More than half of business executives (55%) say that CRM shortfalls can be partly attributed to a lack of support from top management, according to a new survey published by Accenture.
The survey's findings show that customer relationship management (CRM) has not achieved its full potential. Some 74% of executives say they believe CRM fails because of flawed execution stemming from gaps between the organisation's vision and the execution of that vision.
"Too many CRM projects focus on the mechanics - specific tools and technologies - rather than the ultimate goal: increasing the value of the customer relationship," said John Freeland, Accenture's global managing partner for CRM.
CEOs are now challenged not only to deliver more sophisticated sales and service capabilities but also to deliver and manage those capabilities more quickly and cost-effectively. There are significant challenges in making CRM initiatives pay off. But, when properly conceived and executed, CRM programmes can create exceptional economic value. According to the survey, executives say that better data and customer insight obtained through CRM can increase sales by as much as 20%.
While there has been a great deal of progress in the technologies designed to deliver customer insight, businesses are far from realising the full potential for enhancing customer relationships. The survey found that:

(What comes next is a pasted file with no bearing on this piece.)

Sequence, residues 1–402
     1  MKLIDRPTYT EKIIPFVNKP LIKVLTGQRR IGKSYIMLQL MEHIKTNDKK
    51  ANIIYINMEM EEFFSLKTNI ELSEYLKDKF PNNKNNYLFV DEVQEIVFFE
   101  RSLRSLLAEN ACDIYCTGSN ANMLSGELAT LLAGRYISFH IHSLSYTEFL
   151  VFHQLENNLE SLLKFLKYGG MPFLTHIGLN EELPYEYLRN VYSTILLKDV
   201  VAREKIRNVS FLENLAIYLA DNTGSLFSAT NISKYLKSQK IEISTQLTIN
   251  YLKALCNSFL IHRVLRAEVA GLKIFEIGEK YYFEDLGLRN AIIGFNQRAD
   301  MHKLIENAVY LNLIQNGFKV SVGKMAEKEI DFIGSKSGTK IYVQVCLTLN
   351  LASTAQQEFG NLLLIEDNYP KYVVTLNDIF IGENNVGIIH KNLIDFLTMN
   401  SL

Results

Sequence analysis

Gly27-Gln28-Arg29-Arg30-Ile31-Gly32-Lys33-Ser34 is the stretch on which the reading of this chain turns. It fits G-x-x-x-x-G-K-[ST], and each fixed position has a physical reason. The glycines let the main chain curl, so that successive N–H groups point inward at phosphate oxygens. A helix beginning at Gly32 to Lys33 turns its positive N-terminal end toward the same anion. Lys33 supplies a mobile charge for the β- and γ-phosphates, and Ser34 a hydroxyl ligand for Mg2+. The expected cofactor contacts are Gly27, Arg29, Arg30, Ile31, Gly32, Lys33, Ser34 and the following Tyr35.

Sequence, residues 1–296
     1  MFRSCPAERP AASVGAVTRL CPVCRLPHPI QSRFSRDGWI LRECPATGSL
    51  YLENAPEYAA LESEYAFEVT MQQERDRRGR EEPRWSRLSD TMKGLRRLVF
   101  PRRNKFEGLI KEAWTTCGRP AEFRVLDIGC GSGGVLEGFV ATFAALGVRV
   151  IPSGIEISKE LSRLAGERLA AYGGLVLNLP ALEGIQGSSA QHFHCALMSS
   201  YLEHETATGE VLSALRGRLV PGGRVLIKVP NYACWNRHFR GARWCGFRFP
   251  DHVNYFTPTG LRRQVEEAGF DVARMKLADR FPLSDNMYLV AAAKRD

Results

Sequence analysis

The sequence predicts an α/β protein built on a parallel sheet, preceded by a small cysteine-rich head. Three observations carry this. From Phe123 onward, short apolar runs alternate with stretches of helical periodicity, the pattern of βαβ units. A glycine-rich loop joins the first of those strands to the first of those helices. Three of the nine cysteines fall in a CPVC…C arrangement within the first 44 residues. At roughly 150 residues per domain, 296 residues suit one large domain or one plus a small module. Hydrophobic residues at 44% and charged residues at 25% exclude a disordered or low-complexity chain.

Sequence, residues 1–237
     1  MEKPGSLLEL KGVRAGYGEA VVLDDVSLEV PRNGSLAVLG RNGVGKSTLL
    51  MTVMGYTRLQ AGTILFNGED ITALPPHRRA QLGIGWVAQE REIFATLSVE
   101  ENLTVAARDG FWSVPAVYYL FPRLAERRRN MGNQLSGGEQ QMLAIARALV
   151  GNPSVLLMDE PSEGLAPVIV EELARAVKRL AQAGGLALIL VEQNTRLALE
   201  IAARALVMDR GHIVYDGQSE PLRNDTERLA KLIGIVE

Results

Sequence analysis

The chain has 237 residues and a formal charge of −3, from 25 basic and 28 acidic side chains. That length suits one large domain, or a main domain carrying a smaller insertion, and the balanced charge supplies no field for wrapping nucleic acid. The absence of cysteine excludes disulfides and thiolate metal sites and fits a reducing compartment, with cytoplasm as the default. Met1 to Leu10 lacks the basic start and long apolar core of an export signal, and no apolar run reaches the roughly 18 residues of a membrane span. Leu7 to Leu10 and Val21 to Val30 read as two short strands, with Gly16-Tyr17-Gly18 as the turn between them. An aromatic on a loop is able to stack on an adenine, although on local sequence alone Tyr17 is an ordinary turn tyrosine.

- More than half of the respondents (56%) said their businesses would grow by anything from 1% to 20% if they could gain access to comprehensive customer data.
- There was overwhelming agreement that technology capable of delivering "historical, current and real-time data" about customers would significantly drive sales: 35% said sales would increase 'to a great extent', while a slightly less optimistic 43% said sales would increase 'to some extent'.
- Just over 20% said they felt they were optimising all customer data to a great extent to drive sales, while 47% said such data was being used to some extent.
- When asked if technology was helping their companies gain better insight into customers, 33% said 'to a great extent', while 54% said 'to some extent'.
- Among the other reasons most frequently cited for the shortfall of CRM programmes were: no long-term CRM vision; a weak business case for investments; investments not being prioritised; and return on investment not being calculated properly.
Accenture conducted the survey in May 2002, in conjunction with Wirthlin Worldwide. Telephone interviews were conducted with a representative sample of more than 100 leading executives from Fortune 1000 companies, covering an equally distributed range of industries, services, and locales.